3. ^ Aleinikoff, Alexander (May 15, 2016). Revitalizing the International Response to Forced Migration: Principles and Policies for the 'New Normal (PDF). Columbia Global Policy Initiative. pp. 1-2.CS1 maint: date and year (link)
  4. ^
  5. ^ "Archived copy". Archived from the original on 2011-08-21. Retrieved .CS1 maint: archived copy as title (link)
  6. ^ a b "What is forced migration? -- Forced Migration Online".
  7. ^ a b "FORCED MIGRATION IN INDONESIA : HISTORICAL PERSPECTIVES". graeme hugo. Retrieved 2011.
  8. ^ "Disasters and Forced Migration in the 21st Century".
  9. ^ Terminski, Bogumil. Environmentally-Induced Displacement: Theoretical Frameworks and Current Challenges, University de Liege, 2012
  10. ^ Conventions No. 29, 105, 138 and 182; Convention No. 97 (Art. 3, Annex I; Art. 8 and Annex II, Art. 13); Convention No. 143, Part I; 1990 International Convention (Art. 21)
  11. ^ PBS-WGBH (1999). "The Middle Passage". Africans in America. Retrieved 2016.
  12. ^ | page 16
  13. ^ a b Newman, Edward, editor (January 2005). Refugees and Forced Displacement : International Security, Human Vulnerability and the State. United Nations Publications. ISBN 9789280810868. OCLC 697762571.CS1 maint: multiple names: authors list (link) CS1 maint: extra text: authors list (link)
  14. ^ Fiala, Nathan (2015-09-18). "Economic Consequences of Forced Displacement". The Journal of Development Studies. 51 (10): 1275-1293. doi:10.1080/00220388.2015.1046446. ISSN 0022-0388.
  15. ^ Abbas, Mohamed; Aloudat, Tammam; Bartolomei, Javier; Carballo, Manuel; Durieux-Paillard, Sophie; Gabus, Laure; Jablonka, Alexandra; Jackson, Yves; Kaojaroen, Kanokporn (December 2018). "Migrant and refugee populations: a public health and policy perspective on a continuing global crisis". Antimicrobial Resistance and Infection Control. 7 (1). doi:10.1186/s13756-018-0403-4. ISSN 2047-2994. PMC 6146746. PMID 30250735.
  16. ^ Castles, Stephen (2003-09-01). "The International Politics of Forced Migration". Development. 46 (3): 11-20. doi:10.1177/10116370030463003.
  17. ^ a b Houston, Serin (2019-02-06). "Conceptualizing sanctuary as a process in the United States". Geographical Review. doi:10.1111/gere.12338. ISSN 0016-7428.
  18. ^ Kaufmann, David (2019-02-11). "Comparing Urban Citizenship, Sanctuary Cities, Local Bureaucratic Membership, and Regularizations". Public Administration Review. 79 (3): 443-446. doi:10.1111/puar.13029. ISSN 0033-3352.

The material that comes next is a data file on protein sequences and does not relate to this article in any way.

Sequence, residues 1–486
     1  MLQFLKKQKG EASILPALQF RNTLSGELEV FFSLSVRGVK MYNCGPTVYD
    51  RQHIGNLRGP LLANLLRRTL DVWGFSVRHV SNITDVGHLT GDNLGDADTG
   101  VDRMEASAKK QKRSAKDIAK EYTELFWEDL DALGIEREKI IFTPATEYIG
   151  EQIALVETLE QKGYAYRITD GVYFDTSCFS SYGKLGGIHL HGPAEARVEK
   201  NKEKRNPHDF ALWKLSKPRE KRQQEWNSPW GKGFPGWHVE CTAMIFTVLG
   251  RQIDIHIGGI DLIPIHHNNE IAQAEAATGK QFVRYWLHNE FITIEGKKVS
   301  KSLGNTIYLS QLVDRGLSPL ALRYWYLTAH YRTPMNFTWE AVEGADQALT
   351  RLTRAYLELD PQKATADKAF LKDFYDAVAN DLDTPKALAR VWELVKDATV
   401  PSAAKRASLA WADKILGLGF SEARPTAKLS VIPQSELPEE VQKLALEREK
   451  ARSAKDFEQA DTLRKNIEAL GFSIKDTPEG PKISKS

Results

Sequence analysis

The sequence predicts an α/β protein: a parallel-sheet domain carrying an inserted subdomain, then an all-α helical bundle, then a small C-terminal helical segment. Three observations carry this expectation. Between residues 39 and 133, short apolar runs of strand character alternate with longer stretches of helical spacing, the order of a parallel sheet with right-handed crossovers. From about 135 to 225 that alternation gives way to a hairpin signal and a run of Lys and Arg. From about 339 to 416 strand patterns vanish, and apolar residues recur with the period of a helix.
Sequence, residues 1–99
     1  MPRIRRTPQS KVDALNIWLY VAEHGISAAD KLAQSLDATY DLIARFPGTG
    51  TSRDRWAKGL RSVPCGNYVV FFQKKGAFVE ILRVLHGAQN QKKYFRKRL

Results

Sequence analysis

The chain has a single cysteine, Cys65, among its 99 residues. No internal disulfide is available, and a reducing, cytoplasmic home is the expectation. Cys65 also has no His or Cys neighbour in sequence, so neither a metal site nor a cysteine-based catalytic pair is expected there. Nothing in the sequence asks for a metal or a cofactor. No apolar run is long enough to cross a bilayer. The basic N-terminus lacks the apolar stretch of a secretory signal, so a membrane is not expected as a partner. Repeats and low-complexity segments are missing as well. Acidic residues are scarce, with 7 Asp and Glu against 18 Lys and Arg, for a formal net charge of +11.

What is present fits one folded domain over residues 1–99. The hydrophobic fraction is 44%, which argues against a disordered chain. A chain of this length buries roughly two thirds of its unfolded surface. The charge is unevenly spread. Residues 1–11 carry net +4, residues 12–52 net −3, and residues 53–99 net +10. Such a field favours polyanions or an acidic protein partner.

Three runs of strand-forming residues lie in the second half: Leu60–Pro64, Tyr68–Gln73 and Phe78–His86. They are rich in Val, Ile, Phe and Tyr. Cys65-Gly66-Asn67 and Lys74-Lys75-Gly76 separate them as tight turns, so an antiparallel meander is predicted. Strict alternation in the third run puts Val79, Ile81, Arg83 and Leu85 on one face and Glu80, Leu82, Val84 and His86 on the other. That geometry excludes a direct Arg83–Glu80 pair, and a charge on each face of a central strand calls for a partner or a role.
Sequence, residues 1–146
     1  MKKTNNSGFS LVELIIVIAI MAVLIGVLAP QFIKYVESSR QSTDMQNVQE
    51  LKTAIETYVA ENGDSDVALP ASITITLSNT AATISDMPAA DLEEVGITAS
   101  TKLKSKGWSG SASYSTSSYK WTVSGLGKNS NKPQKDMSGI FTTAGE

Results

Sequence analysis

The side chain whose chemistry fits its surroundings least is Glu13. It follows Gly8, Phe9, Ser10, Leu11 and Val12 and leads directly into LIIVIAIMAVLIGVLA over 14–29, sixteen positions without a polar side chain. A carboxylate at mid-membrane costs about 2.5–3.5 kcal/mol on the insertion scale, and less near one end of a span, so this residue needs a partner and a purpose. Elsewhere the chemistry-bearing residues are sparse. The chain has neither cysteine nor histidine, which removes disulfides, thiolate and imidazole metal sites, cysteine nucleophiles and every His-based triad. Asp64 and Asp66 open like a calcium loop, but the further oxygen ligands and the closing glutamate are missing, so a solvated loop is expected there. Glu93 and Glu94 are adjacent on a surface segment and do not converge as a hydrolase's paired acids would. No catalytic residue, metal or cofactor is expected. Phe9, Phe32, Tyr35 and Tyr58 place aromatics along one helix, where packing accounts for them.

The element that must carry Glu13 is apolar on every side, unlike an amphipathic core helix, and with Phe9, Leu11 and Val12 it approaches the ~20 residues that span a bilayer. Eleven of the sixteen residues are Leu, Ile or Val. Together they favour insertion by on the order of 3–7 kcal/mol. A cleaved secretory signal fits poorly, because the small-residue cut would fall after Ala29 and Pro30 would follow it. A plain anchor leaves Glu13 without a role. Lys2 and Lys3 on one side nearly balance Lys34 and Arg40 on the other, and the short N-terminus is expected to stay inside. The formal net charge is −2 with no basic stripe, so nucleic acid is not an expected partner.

19. ^ a b Cameron, Bobby Thomas (2014). "Reflections on Refugee Studies and the Study of Refugees: Implications for Policy Analysts" (PDF). Journal of Management & Public Policy. 6: 4-13.
  20. ^ Mark Wyman: Dps: Europe's Displaced Persons, 1945-1951. Cornell University Press 1998 (reprint). ISBN 0-8014-8542-8.
  21. ^ A. J. Jaffe: Notes on the Population Theory of Eugene M. Kulischer. In: The Milbank Memorial Fund Quarterly, Vol. 40, No. 2. (April 1962). Pp. 187-206.(online)
  22. ^ U.N. Convention relating to status of Refugees Archived March 9, 2008, at the Wayback Machine
  23. ^ Robinson, W. Courtland (2003). Risks and rights : the causes, consequences, and challenges of development-induced displacement. The Brookings Institution. OCLC 474499753.
  24. ^ a b Guido Acquaviva (June 2011). "Legal and Protection Policy Research Series: Forced Displacement and International Crimes" (PDF). UNHCR. Retrieved 2018.
  25. ^ "Nuremberg Trial Judgements: Hans Frank". Jewish Virtual Library. Retrieved 2018.
  26. ^ "Convention (IV) relative to the Protection of Civilian Persons in Time of War. Geneva, 12 August 1949 - DEPORTATIONS, TRANSFERS, EVACUATIONS". ICRC. Retrieved 2018.
  27. ^ "Rome Statute of the International Criminal Court" (PDF). International Criminal Court. 2011. p. 7. Retrieved 2018.
  28. ^ "APPEALS CHAMBER REVERSES ?E?ELJ'S ACQUITTAL, IN PART, AND CONVICTS HIM OF CRIMES AGAINST HUMANITY". United Nations Mechanism for International Criminal Tribunals. 11 April 2018. Retrieved 2018.
  29. ^ "UN court sentences ultranationalist Serb leader to 10 years". TRT World. Retrieved 2018.
  30. ^ "Serbia: Conviction of war criminal delivers long overdue justice to victims". Amnesty International. Retrieved 2018.
  31. ^ "UN tribunal transfers former Bosnian Serb leader to UK prison". UN News. 8 September 2009. Retrieved 2018.
  32. ^ "UN tribunal upholds 35-year jail term for leader of breakaway Croatian Serb state". UN News. 8 October 2008. Retrieved 2018.
  33. ^ "Bosnian Croat commander convicted by UN tribunal to serve jail term in Italy". UN News. 25 April 2008. Retrieved 2018.
  34. ^ "Bosnian Serb politician convicted by UN tribunal to serve jail term in Denmark". UN News. 4 March 2008. Retrieved 2018.

Further reading

External links